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Complete chloroplast genome of the genus Cymbidium: lights into the species identification, phylogenetic implications and population genetic analyses



Cymbidium orchids, including some 50 species, are the famous flowers, and they possess high commercial value in the floricultural industry. Furthermore, the values of different orchids are great differences. However, species identification is very difficult. To a certain degree, chloroplast DNA sequence data are a versatile tool for species identification and phylogenetic implications in plants. Different chloroplast loci have been utilized for evaluating phylogenetic relationships at each classification level among plant species, including at the interspecies and intraspecies levels. However, there is no evidence that a short sequence can distinguish all plant species from each other in order to infer phylogenetic relationships. Molecular markers derived from the complete chloroplast genome can provide effective tools for species identification and phylogenetic resolution.


The complete nucleotide sequences of eight individuals from a total of five Cymbidium species’ chloroplast (cp) genomes were determined using Illumina sequencing technology of the total DNA via a combination of de novo and reference-guided assembly. The length of the Cymbidium cp genome is about 155 kb. The cp genomes contain 123 unique genes, and the IR regions contain 24 duplicates. Although the genomes, including genome structure, gene order and orientation, are similar to those of other orchids, they are not evolutionarily conservative. The cp genome of Cymbidium evolved moderately with more than 3% sequence divergence, which could provide enough information for phylogeny. Rapidly evolving chloroplast genome regions were identified and 11 new divergence hotspot regions were disclosed for further phylogenetic study and species identification in Orchidaceae.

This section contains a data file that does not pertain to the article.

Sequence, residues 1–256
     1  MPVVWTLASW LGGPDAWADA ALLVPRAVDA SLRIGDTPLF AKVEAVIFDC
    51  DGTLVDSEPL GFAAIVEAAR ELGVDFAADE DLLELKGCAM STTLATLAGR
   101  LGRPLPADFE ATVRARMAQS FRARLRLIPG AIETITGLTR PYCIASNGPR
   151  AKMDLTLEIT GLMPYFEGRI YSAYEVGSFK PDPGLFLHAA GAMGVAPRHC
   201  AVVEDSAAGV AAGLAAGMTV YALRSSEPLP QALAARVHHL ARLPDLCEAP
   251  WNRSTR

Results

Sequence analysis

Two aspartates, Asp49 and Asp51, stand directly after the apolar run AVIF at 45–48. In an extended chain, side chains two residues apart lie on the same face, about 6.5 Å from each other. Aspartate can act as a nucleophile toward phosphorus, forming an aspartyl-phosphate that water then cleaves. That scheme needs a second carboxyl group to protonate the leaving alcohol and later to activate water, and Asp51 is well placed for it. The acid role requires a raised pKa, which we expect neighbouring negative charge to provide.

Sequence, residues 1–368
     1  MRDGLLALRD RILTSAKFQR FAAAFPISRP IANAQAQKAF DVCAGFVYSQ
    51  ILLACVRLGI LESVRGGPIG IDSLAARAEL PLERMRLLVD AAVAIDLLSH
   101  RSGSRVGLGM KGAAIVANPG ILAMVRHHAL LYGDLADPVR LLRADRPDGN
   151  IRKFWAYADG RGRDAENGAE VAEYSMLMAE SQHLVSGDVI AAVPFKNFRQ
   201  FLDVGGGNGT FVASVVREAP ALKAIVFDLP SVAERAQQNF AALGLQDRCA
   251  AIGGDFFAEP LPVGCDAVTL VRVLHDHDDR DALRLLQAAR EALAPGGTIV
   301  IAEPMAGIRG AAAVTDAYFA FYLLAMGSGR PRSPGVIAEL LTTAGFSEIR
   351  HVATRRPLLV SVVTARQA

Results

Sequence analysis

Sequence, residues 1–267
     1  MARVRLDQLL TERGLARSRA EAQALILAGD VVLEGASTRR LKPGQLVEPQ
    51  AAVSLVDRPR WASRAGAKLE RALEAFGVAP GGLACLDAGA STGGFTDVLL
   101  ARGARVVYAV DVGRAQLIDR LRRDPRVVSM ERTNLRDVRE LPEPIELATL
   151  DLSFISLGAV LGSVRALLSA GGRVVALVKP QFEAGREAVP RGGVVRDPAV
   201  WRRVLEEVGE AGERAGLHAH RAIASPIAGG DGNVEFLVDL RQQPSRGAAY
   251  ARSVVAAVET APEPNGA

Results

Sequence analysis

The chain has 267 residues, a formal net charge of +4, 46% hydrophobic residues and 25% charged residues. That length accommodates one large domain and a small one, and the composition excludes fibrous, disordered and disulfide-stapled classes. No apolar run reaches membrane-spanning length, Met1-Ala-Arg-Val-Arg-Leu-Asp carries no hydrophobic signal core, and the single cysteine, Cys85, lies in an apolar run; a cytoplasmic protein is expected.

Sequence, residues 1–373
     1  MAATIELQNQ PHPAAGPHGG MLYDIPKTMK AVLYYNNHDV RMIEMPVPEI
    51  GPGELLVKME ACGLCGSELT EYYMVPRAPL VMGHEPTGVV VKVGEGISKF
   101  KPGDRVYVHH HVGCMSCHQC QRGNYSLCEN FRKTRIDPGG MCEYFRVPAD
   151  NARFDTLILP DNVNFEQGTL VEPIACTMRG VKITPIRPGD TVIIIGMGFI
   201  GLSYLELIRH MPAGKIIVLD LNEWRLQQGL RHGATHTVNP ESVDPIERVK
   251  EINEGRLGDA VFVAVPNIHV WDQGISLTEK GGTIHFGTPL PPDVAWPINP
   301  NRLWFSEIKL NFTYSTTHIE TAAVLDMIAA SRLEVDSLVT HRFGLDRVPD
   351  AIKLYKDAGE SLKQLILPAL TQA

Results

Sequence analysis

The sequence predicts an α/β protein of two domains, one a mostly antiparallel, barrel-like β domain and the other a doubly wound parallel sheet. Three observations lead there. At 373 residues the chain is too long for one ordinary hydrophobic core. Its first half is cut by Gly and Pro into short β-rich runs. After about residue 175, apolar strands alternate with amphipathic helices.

Phylogenomic analyses were conducted using 10 complete chloroplast genomes from seven orchid species. These data accurately identified the individuals and established the phylogenetic relationships between the species. The results reveal that phylogenomics based on organelle genome sequencing lights the species identification—organelle-scale “barcodes”, and is also an effective approach for studying whole populations and phylogenetic characteristics of Cymbidium.


Cymbidium orchids are the best known and most widely grown of all orchids. The genus Cymbidium of the orchid family Orchidaceae, consisting of 52–55 species and divided into three subgenera (Cymbidium, Cyperorchis and Jensoa) [1, 2], is one of the most well-known and desirable orchids in worldwide horticulture because of its aesthetic appeal and ideal characteristics as a house plant. It is distributed in tropical and subtropical Asia and northern Australia, and species diversity centers are located in NE India, SW China, Indo-China and Malay Archipelago [14]. Cymbidium orchids were among the earliest to be cultivated, especially in China. Although the Cymbidium orchid species is not all widely cultivated, hybrids of Cymbidium orchids lend themselves to cultivation. Some commercially important hybrids have been produced for over one hundred years. They make excellent pot plants and cut flowers, which are the most important and popular orchids in commerce.

Because of their ornamental and commercial value, Cymbidium orchids have been the subject of taxonomic studies and, particularly, species identification [57]. However, so far, there are no efficient methods for identifying the species and cultivars of Cymbidium. Traditionally, the taxonomy, species and cultivars identification of the genus Cymbidium is based on the morphological traits. However, the assessment of those traits is very difficult, and morphology is affected by environmental factors. Consequently, some species are very difficult to distinguish, and the positions of many species in the evolution and taxonomy of Cymbidium are difficult to identify. Owning to widespread artificial hybridization, accurate identification of cultivated varieties via morphological traits is very difficult.